A senior public health official has warned recent progress in reducing Covid-19 case numbers may be stalling or “deteriorating”.
Dr Ronan Glynn, the State’s deputy chief medical officer and a member of the National Public Health Emergency Team (Nphet), said “widespread” infections were occurring across the country in different settings.
“We are concerned the positive trajectory we had has at best stalled and is in fact deteriorating,” he said, adding that there was only a short time “to turn this around” by focusing on the basics of public health.
Some clusters have been linked to extended family or student get-togethers, he said: “It is more concerning that we can’t point to any one behaviour or any one group”.
He said Halloween, while well managed in many areas, could be a factor behind the increased case numbers.
There have been outbreaks in food processing plants and in construction, he said. In Limerick, a large outbreak in the hospital there had resulted in cases in the community, and “student activity” has also been linked to cases, Dr Glynn added.
One of the biggest single detriments to progress against the virus was the focus on what happens after six weeks of Level 5 restrictions end on December 1st, he said.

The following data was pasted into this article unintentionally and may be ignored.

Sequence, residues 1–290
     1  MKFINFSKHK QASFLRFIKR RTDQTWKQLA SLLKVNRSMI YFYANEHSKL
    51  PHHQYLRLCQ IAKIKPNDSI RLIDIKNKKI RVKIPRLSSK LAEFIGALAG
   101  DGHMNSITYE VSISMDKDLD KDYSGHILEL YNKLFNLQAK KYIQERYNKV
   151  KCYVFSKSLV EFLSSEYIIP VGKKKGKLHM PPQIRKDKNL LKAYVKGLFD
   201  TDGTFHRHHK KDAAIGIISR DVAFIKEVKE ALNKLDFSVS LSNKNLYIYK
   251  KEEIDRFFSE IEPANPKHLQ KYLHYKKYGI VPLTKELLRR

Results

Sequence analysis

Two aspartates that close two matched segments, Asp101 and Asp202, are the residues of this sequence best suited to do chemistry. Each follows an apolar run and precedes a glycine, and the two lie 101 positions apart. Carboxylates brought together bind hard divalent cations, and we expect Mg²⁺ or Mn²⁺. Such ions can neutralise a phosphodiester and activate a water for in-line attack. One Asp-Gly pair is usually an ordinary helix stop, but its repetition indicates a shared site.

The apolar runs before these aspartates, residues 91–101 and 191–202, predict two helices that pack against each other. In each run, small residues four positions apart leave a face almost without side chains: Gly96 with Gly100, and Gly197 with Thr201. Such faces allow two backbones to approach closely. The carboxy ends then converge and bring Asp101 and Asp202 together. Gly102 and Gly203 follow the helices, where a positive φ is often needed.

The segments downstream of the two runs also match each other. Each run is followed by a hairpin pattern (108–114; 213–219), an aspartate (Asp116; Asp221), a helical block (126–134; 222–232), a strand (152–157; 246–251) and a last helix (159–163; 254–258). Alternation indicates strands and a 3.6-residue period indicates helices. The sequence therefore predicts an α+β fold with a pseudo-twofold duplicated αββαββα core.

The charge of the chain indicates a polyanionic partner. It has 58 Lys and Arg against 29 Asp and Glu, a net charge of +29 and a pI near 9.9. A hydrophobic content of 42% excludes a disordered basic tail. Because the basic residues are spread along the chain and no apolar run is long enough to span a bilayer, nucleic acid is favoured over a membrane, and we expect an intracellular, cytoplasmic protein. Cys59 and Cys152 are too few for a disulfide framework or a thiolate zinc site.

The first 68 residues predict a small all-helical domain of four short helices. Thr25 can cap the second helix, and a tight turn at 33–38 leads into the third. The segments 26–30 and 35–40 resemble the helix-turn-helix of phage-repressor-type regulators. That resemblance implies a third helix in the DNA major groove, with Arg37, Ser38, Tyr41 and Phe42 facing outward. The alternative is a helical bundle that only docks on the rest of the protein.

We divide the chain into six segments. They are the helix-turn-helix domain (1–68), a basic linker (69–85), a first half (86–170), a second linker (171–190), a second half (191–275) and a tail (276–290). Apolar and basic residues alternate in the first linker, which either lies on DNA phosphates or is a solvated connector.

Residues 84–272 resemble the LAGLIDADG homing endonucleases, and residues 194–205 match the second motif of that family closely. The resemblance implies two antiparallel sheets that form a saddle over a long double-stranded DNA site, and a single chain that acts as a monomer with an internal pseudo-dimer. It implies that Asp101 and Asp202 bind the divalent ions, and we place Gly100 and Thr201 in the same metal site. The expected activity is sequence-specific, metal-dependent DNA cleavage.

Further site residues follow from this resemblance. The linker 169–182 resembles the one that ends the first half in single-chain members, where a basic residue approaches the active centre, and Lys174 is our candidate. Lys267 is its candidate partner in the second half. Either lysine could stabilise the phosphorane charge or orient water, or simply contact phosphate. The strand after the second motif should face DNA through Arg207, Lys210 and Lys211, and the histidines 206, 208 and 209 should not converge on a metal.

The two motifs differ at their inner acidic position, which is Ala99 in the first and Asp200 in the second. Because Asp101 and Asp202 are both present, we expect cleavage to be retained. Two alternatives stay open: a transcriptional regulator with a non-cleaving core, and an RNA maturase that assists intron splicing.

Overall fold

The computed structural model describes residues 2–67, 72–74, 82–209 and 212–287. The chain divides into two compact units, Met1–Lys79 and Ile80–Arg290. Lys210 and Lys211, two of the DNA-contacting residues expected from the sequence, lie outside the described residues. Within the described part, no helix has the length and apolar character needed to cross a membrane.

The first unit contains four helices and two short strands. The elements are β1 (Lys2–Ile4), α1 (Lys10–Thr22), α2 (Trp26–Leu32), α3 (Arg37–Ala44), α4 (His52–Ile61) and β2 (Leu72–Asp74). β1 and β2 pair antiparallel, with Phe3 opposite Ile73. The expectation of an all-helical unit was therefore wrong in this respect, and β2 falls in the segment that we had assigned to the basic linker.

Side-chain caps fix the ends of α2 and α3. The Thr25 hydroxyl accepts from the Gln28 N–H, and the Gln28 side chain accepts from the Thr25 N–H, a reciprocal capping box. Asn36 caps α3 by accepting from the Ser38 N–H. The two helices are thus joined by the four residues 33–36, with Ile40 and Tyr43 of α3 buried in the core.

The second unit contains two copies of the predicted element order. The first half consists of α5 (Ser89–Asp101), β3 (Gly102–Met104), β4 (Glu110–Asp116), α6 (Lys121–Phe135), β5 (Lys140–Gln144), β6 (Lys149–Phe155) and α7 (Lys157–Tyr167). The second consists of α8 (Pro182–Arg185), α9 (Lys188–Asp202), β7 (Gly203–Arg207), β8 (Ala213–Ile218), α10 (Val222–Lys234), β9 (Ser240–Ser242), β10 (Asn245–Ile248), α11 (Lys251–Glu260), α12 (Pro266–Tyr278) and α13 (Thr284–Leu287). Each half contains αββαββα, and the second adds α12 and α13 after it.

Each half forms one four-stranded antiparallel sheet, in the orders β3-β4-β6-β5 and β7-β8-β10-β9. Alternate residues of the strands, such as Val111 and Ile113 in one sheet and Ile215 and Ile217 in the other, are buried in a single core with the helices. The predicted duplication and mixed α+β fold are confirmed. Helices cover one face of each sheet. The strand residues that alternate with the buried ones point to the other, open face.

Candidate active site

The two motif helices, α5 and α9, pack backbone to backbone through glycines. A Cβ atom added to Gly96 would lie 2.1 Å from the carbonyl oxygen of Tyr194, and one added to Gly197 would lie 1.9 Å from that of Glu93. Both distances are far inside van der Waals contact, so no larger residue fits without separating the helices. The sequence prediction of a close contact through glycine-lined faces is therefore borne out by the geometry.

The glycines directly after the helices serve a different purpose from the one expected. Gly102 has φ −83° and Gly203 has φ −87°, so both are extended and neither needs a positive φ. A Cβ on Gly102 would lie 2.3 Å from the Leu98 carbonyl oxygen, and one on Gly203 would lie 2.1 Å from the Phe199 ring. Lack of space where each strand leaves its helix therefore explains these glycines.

“We have to focus on today and tomorrow. I know people are tired.”
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A further five deaths among Covid-19 patients were reported by Nphet on Monday evening. This brings to 1,984 the total number of deaths in the State from the disease. Nphet also reported 456 confirmed cases, bringing to 68,356 the total number recorded in the Republic.
Northern Ireland’s Department of Health on Monday reported 14 more deaths and 331 more cases in the previous 24 hours as politicians again clashed over the handling of Covid-19 restrictions.
Dr Glynn described Monday’s announcement by Moderna that its vaccine in development may be almost 95 per cent effective as “promising”.
Taoiseach Micheál Martin earlier said a significant rollout of Covid-19 vaccines is unlikely to happen before the middle of next year and priority will initially be given to protecting vulnerable groups and healthcare workers.